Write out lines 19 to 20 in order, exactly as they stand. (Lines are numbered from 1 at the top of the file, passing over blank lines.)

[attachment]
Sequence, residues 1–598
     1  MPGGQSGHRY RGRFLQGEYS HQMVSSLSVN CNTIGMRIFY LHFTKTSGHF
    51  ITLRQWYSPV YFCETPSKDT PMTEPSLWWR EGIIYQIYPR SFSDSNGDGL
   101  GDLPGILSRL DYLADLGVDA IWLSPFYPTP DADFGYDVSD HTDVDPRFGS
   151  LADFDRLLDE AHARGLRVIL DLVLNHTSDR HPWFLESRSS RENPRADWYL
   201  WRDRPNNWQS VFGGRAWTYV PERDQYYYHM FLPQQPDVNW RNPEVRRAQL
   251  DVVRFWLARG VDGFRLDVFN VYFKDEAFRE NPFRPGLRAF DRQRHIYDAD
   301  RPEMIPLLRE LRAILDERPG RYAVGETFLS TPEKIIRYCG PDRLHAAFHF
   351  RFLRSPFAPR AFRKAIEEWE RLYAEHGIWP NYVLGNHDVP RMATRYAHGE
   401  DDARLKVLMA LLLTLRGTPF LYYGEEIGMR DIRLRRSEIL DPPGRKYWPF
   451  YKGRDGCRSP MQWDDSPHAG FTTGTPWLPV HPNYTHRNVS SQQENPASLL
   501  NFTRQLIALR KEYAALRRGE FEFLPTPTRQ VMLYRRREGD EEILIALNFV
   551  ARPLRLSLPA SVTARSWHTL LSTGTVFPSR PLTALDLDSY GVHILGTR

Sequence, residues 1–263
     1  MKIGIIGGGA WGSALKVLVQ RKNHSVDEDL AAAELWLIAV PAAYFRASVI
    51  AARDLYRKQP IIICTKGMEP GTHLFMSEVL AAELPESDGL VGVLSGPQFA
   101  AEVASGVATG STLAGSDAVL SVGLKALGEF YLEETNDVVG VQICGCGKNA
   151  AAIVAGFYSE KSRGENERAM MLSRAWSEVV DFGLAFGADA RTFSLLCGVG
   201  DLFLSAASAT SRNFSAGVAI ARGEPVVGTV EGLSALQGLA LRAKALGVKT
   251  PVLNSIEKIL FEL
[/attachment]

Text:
   201  DLFLSAASAT SRNFSAGVAI ARGEPVVGTV EGLSALQGLA LRAKALGVKT
   251  PVLNSIEKIL FEL